It was true that Shcyba was chosen by the blood priests to lead the desert campaign. He was, after all, the fiercest warrior in their tribe. During the length of the campaign, he often gutted enemy kings as an offering to the giant stone deity back in their village: the three-headed beast known as Ithmanukh. But Shcyba had been acting strange lately, and it was by no means comforting news to the fifty-thousand odd men he commanded.
The lone tavern inside Esk-Debari was stuffed with the soldiers of Hayacree. The attendants, a handful of the locals, stood petrified behind the serving counter.
Mabathi, one of the generals under Shcyba’s command, choked on his wine and spilled it on the floor. His bearded face was contorted in query, shock, and amusement all at once.
“What did you say?” he asked just about loudly to gain his men’s attention. “Gosto samakh!” he said, raising a hand to suggest everything was alright.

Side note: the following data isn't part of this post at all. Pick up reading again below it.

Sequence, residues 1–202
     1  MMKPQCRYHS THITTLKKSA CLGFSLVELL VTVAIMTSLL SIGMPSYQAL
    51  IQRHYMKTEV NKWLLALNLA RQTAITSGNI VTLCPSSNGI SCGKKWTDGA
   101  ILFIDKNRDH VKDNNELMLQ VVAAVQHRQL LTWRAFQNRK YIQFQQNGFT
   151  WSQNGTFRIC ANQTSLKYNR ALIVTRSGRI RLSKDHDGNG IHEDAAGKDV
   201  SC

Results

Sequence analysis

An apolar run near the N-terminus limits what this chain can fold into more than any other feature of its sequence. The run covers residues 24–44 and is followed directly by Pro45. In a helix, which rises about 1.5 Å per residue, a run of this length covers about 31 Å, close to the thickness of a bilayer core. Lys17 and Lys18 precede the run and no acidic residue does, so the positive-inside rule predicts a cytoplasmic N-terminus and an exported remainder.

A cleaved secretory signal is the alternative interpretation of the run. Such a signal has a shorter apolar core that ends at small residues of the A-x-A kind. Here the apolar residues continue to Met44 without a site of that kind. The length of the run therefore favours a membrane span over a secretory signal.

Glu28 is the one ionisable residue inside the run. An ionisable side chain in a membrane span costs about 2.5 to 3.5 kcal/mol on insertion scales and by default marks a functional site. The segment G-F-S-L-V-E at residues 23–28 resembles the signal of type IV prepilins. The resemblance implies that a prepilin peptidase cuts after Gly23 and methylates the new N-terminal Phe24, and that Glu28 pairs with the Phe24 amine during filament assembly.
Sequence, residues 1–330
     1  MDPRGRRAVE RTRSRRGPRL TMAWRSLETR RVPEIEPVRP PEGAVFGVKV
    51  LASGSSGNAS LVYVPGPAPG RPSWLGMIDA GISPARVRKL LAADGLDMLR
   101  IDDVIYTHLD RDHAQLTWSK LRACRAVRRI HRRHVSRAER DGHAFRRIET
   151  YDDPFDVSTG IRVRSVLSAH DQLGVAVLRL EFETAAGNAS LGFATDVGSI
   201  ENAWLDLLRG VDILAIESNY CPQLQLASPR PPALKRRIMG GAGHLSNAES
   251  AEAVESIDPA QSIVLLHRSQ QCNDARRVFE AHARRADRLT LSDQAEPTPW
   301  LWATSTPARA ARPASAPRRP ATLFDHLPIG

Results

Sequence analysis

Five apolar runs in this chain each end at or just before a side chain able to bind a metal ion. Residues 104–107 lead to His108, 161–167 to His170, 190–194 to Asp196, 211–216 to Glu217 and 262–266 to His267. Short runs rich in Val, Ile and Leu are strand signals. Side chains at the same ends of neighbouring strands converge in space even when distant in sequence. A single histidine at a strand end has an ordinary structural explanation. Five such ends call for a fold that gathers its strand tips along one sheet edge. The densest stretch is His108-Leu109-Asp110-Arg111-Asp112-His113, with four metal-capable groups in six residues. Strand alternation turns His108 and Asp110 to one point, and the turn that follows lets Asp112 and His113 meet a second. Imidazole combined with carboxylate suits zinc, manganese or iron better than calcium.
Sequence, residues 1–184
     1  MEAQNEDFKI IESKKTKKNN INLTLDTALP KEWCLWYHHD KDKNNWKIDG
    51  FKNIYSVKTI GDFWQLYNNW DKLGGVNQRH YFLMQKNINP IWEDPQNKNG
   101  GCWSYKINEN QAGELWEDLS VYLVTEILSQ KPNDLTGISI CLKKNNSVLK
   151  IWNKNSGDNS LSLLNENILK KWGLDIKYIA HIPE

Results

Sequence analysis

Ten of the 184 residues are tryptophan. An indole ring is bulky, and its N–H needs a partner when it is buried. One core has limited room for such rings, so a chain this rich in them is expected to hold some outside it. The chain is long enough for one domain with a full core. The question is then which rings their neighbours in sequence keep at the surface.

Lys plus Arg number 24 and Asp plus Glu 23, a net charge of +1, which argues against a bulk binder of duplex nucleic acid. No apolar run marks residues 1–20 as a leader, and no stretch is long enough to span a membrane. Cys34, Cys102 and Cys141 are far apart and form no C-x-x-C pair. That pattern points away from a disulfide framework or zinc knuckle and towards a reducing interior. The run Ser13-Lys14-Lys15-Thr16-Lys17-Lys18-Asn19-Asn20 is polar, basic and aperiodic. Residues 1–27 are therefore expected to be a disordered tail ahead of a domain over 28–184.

Agrushai leaned forward. “He is going to build a shield for the walls of the palace,” he said in a low voice, and then leaned in closer. “The stones for the same…will fall from the night sky, he believes.”
Mabathi’s mouth was agape, and then turned into a set of pressed lips.
“I know what you are thinking, my friend. But let us not ignore his leadership; Esk-Debari is now ours, and so is the desert. Shcyba has earned his right to be heard not once, but a thousand times over.”
Mabathi drowned his wine silently, his eyes fixed on Agrushai.
“Fourteen nights, he says,” Agrushai said. “There will be a storm of blue fire near the ruins of Eblish. Let us wait until then.”
“…insane…” Mabathi mumbled, gesturing an attendant to refill his earthen mug.
“And there is one more thing,” Agrushai said. “Henceforth, we are to address him as Qa-ajash.”
Mabathi took a deep breath, his lips still pursed.
Qa-ajash or supreme authority.